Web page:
Safe and Predictable No More: Can’t be Passive in Bonds Any More

Bonds have a reputation as a safe and predictable investment vehicle primarily because in most investor’s experience, they’ve given wonderful returns with low risk. For the past 35 years, interest rates have declined from as high as 18 and 19 per cent in the early 1980s to close to zero today, resulting in bond prices appreciating dramatically over the last three and a half decades. But when investing looking forward, not backward, is critical. And we don’t like what lies ahead.

Although the Bank of Canada’s recent decision to cut interest rates resulted in higher bond prices, providing more capital appreciation to bond investors, our bond outlook and concern for investors remains unchanged. Looking forward, rates are more likely to stay flat and then go up from here, not down further, hurting bond prices and ultimately resulting in negative returns. Even if interest rates stayed flat, the real return, after inflation, of bonds looks like a big fat zero over the next 10 years. What’s more worrisome is that these low returns will likely come with a greater level of price volatility, or risk. So in fact what we think of as safe and predictable will be riskier with no return.

When I launched Claymore’s Laddered Bond ETFs seven years ago, I did it because I believed passive investing and laddering bonds was the best strategy for investors at the time, and it paid off well over the past few years.

Moving forward, I think we can and have to do more. In this new regime, investors will have to be more tactical. Investors will have to protect themselves by moving away from bonds and into cash when interest rates start to rise or credit spreads start to widen.

Focus on the Trend

Monitor price momentum for signals of fundamentally changing bond markets. Movement in high yield bonds will reflect what’s happening to credit spreads. Ten-year government bonds will respond to even subtle changes in interest rates. Flat to positive price trends are a signal for you to continue holding your bonds for the long-term. Negative price trends, on the other hand, are a signal for you to become defensive and move into cash. Cash is the ultimate protective asset – zero interest rate risk and zero credit risk. When interest rates fall, prices of government bonds and high grade corporate bonds do well; when rates rise, they will do poorly. When credit spreads tighten, high yield bond prices do well; when spreads widen, they will do poorly. We believe moving average trends and momentum signals can indicate changes in the market and help investors navigate around them.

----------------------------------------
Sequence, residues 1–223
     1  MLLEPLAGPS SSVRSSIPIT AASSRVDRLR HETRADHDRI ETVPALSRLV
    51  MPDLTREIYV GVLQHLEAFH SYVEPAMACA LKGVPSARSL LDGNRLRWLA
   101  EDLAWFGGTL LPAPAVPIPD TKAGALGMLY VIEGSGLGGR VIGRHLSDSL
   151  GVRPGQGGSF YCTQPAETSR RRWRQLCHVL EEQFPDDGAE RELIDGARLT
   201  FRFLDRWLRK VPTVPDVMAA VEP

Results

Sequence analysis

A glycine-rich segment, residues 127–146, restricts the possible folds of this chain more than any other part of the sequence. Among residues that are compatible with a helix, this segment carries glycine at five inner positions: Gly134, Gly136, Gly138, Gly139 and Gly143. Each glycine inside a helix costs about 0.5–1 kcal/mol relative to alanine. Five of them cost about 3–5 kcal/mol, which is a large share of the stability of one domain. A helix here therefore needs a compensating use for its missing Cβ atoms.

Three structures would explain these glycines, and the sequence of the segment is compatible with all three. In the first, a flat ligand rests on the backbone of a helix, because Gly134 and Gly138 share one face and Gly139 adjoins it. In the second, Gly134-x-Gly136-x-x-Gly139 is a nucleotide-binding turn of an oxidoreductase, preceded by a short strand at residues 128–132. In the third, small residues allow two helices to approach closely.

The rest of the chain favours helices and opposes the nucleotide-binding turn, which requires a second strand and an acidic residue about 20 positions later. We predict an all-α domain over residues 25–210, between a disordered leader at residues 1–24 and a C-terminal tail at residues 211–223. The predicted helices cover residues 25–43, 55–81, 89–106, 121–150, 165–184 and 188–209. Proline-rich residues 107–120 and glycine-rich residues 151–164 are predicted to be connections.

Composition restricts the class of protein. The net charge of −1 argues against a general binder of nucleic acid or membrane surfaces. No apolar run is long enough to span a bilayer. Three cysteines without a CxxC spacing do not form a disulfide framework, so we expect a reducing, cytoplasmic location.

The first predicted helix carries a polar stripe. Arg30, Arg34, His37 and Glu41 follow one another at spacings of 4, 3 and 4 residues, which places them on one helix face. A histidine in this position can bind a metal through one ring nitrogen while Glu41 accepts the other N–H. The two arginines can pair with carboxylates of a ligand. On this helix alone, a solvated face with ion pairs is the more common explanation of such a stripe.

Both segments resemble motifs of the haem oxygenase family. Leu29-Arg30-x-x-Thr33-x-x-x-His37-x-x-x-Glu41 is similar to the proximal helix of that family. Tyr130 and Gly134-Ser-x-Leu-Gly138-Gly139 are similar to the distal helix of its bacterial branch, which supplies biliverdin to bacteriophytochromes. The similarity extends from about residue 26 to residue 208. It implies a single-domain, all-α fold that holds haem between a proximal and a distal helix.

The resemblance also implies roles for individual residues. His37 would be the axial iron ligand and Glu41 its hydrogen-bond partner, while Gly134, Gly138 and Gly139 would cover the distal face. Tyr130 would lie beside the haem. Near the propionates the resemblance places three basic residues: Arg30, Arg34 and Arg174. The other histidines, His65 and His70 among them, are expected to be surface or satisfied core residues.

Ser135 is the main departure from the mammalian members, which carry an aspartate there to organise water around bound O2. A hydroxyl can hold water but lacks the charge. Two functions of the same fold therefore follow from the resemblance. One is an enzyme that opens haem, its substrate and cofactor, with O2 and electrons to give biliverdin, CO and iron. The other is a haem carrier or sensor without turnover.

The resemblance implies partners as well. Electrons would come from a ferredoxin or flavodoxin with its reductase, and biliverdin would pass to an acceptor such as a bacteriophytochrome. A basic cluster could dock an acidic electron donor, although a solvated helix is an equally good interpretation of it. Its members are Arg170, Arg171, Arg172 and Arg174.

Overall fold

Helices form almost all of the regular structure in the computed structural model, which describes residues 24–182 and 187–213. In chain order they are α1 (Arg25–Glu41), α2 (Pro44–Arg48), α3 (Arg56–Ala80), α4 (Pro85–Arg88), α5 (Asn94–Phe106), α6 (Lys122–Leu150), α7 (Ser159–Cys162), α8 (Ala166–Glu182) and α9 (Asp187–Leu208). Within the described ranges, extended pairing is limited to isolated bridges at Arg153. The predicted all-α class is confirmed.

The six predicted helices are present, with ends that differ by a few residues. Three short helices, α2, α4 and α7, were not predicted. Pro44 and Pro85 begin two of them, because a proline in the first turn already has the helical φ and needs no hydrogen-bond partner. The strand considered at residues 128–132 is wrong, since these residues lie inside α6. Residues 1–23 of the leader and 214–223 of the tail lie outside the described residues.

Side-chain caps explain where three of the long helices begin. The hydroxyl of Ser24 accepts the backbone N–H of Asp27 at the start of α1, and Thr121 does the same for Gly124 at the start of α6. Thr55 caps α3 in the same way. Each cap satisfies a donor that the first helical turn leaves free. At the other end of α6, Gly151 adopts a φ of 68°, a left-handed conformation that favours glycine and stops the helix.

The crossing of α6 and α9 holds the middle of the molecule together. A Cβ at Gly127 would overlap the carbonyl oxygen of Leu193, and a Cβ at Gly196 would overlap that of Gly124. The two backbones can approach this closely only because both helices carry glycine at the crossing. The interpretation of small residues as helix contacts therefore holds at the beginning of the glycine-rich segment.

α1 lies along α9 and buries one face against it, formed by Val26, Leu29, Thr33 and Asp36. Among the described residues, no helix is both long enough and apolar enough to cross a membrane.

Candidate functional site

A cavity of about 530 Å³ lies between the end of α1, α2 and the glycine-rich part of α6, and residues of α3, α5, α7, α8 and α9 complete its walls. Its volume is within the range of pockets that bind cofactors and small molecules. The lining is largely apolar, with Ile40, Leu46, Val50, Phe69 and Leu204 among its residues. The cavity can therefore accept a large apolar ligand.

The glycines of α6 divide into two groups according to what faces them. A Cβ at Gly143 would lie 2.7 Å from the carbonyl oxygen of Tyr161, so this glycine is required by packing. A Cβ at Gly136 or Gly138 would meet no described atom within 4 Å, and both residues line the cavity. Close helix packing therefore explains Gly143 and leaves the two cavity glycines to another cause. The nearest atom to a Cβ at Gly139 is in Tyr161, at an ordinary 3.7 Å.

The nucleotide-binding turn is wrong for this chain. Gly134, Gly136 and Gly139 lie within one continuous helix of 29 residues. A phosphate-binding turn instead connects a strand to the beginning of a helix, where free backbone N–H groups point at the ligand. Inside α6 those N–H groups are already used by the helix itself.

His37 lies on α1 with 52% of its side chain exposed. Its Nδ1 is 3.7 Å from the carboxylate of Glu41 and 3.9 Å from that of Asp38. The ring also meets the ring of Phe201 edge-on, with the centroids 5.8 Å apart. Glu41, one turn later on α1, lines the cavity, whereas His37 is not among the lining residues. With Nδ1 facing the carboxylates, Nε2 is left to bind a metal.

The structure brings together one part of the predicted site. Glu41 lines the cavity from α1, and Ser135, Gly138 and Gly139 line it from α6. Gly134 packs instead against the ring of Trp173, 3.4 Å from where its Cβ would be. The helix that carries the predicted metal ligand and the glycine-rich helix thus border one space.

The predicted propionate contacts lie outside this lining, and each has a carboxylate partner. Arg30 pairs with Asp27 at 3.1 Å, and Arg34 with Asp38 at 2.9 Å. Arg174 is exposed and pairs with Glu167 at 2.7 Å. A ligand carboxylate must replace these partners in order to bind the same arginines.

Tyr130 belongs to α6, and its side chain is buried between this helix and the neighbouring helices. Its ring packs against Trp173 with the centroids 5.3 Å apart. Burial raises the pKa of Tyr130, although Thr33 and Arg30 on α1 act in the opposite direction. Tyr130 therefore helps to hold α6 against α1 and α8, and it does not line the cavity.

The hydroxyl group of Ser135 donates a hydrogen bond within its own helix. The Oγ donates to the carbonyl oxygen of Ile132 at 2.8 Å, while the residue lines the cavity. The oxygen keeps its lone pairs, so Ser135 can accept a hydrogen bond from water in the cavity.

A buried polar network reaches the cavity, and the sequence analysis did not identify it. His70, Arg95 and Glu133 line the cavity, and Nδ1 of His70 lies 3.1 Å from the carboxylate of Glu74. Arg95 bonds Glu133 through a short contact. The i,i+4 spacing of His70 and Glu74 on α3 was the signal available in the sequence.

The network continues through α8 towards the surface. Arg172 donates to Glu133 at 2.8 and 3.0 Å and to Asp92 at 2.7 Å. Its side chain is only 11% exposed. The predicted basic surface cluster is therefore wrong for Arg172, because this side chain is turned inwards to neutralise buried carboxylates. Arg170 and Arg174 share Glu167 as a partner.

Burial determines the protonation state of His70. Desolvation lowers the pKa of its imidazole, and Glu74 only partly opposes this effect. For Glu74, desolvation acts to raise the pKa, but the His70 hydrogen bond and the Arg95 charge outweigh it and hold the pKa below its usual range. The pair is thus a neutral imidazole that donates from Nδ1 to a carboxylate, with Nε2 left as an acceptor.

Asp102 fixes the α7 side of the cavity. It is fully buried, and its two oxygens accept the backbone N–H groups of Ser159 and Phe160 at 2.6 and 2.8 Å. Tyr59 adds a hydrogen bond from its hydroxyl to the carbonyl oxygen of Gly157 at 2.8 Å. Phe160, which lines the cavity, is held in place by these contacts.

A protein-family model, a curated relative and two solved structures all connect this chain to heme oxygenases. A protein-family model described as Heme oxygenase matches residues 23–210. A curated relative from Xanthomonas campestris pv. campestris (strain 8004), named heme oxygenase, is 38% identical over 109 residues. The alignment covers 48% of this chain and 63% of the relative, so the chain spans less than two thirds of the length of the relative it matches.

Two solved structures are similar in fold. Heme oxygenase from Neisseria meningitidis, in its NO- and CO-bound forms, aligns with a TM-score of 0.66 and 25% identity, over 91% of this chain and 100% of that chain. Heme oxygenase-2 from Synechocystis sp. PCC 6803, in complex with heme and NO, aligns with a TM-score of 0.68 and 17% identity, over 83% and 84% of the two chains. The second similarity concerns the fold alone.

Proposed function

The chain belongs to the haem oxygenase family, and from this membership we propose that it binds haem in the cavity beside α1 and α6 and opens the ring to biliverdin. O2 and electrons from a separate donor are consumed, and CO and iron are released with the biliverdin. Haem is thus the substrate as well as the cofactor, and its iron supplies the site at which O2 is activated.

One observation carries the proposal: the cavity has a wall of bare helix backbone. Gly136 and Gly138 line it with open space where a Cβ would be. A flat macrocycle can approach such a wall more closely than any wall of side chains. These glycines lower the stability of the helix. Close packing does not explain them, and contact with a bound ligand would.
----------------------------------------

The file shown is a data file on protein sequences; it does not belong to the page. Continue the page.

Find the Right Nimble and Active Strategy

Choose bond portfolio strategies that are active and nimble, and equally importantly, be fee sensitive. It’s important to find an approach that provides flexibility, meaning the manager can go heavily into cash or move out of bonds entirely if the environment warrants it. Some managers are just too big and they will have no choice but to stay in long bonds. These types of managers will be no better than passive funds, so avoid them. Fees on bonds still matter, especially in this low interest rate environment, so no matter what, keep fees reasonable.

A New Fund for a New Regime

We created the Purpose Total Return Bond Fund for one reason: to create a product that ensures a total return that’s positive through different market cycles. If we see protracted rising rates or credit spreads widening, we will act to protect against losses.

The Purpose Total Return Bond Fund uses four types of investments: high yield bonds, investment grade bonds, government bonds and cash – with cash being used as a defensive asset.

As we see it, there are only two factors that matter when you are making decisions on strategy in bonds: direction of interest rates and credit spreads. We monitor interest rate and credit spread exposure, and then use bond price momentum indicators to tell us when to be aggressive or defensive. If moving average indicators on government or investment grade corporate bonds are positive, we want to be long and take advantage of conditions for both income and capital appreciation. But if they go negative, we go into cash. Same with high yield bonds; if prices are trending positively, we want to be long, but when prices start to turn negative, we go into cash. When things go negative, cash is our best ally in our defense against losses.

As we enter this new era of potentially rising interest rates, investing with bonds has changed. We’re no longer in an environment where bonds are the low risk, high return way to diversify a portfolio. Today, the key is to be tactical and active, and when needed, hold the line against losses to create absolute positive returns over time.

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